Will America’s Allies Turn On Trump at the G-7 Summit?

    Doug Bandow

    Security, Americas

    Germany's Chancellor Angela Merkel and U.S. President Donald Trump hold a joint news conference in the East Room of the White House in Washington, U.S., March 17, 2017. Jonathan Ernst:

    The G-7 Summit could be the start of a serious allied challenge to Washington’s leadership.

    Group of seven meetings, known as the G-7 Summit, are usually civil, even boring. They feature heavily scripted discussions with a bias toward consensus, so genuine news only rarely emerges. But the G-7 Summit, which began in Quebec on Friday, might yield a surprise or two. The most important issue is whether President Donald Trump’s counterparts have grown some cojones and are willing to challenge the United States on economic and security issues.

    The summit meetings began four decades ago. They bring together the leaders of Western industrialized states and typically focuses on economic issues. However, the participants are mostly American military allies. That means that the president will be meeting with his counterparts from Canada, France, Germany, Italy, Japan, and United Kingdom, as well as the European Union.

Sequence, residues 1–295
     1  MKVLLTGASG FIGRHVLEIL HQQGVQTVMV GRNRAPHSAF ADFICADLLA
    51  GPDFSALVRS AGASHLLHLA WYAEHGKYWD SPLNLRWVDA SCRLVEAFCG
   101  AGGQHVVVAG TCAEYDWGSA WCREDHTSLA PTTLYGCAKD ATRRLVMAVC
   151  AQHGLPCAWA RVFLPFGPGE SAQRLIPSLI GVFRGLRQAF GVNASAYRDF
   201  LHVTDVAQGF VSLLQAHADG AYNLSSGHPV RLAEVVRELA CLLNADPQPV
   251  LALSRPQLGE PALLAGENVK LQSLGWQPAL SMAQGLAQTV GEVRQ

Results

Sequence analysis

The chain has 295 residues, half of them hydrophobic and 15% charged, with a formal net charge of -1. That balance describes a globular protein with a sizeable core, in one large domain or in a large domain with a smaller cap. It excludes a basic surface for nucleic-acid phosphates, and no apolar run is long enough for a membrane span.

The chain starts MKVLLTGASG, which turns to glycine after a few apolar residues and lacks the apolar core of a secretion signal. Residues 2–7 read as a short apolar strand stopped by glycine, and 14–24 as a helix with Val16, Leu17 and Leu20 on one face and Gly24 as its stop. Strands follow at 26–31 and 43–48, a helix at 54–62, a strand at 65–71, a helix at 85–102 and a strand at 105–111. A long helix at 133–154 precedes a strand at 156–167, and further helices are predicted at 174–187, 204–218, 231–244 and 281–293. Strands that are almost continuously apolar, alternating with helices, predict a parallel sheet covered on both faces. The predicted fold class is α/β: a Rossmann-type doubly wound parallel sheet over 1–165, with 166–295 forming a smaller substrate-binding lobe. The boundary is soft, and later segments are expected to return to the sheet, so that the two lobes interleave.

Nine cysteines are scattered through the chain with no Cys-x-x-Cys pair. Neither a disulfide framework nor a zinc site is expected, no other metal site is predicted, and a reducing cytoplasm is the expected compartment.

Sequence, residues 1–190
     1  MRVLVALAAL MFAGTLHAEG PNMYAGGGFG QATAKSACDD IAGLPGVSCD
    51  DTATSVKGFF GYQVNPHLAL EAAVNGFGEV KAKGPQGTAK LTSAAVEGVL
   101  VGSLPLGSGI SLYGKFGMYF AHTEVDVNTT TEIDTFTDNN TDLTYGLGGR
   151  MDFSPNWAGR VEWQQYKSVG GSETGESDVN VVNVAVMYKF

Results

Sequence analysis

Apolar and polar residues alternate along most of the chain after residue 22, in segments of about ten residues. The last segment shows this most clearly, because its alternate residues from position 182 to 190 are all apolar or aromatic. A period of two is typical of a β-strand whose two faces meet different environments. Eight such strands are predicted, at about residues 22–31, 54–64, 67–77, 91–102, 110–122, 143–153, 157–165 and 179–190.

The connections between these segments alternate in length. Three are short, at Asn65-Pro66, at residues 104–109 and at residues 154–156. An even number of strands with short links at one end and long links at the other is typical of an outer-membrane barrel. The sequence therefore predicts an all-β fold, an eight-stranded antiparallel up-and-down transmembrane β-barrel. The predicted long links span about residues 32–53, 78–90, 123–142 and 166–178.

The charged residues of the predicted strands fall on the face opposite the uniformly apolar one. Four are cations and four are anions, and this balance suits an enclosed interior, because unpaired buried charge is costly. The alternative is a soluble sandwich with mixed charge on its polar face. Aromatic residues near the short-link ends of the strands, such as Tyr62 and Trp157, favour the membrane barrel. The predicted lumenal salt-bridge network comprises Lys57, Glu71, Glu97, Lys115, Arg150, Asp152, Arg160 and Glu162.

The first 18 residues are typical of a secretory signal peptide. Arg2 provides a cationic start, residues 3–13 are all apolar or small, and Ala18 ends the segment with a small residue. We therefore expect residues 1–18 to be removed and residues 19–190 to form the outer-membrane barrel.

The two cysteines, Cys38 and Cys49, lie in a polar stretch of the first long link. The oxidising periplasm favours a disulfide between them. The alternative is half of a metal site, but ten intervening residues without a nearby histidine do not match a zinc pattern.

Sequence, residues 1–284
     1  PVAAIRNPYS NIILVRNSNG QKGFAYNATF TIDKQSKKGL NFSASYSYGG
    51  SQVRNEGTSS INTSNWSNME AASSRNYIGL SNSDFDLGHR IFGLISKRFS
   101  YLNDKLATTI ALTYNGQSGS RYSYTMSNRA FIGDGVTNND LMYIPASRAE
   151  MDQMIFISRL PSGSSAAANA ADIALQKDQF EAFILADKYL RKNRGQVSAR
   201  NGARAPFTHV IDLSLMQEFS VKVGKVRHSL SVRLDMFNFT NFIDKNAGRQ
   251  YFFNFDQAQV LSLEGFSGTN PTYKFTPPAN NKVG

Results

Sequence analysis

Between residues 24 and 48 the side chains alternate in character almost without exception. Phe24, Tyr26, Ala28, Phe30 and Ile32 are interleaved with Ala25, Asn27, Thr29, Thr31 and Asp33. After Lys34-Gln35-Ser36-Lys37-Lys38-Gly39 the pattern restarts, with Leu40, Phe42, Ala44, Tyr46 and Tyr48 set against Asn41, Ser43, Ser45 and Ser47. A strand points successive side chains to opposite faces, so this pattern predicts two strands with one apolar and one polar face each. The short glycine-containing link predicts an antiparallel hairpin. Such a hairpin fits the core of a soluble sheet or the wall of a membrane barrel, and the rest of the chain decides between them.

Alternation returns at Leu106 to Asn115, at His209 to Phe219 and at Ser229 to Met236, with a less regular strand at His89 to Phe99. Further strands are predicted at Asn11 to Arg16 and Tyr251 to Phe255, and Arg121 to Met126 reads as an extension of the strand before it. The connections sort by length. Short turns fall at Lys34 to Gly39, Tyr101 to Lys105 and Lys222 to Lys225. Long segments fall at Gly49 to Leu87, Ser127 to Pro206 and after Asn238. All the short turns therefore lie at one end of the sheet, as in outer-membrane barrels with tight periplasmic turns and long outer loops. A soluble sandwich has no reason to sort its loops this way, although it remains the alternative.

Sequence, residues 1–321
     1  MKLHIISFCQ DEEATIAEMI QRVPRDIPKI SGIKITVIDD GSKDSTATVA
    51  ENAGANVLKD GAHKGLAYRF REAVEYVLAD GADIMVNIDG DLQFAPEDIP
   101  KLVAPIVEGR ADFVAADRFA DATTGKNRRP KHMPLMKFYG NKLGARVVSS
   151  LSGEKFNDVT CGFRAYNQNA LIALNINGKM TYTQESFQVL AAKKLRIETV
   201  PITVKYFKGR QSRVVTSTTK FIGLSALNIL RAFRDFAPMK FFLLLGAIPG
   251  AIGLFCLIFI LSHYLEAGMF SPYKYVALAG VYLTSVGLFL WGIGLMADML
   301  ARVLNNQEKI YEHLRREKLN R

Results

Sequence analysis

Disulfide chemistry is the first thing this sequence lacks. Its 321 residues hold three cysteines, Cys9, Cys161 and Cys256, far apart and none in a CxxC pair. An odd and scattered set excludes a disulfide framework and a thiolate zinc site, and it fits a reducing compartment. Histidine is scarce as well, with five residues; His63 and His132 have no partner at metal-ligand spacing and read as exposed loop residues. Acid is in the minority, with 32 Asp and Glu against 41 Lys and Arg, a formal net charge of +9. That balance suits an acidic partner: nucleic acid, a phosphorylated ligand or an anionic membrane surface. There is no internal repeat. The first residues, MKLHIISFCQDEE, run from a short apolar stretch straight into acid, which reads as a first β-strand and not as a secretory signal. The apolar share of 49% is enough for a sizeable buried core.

U.S. presidents haven’t always gotten on well with allied leaders, but never have so many of their relationships—both personal and official—been so toxic. Before heading for Canada, President Trump complained about his hosts burning down the White House two centuries ago (actually, it was the British), while ignoring Americans’ multiple, and largely disastrous, invasion attempts of Canada. He also sniped at Prime Minister Justin Trudeau for “being so indignant” (after all, the president never exhibits indignation, righteous or otherwise) and again complained about America’s trade deficit, which economists recognize to be an accounting fiction.

    In return, the Canadaians and the Europeans have been unusually irritated, and perhaps willing to act on their anger. French President Emmanuel Macron, who enjoys one of the better personal relationships with President Trump, observed: “The American president may not mind being isolated, but neither do we mind signing a six country agreement if need be.” After all, “these six countries represent values, they represent an economic market which has the weight of history behind it and which is now a true international force.”

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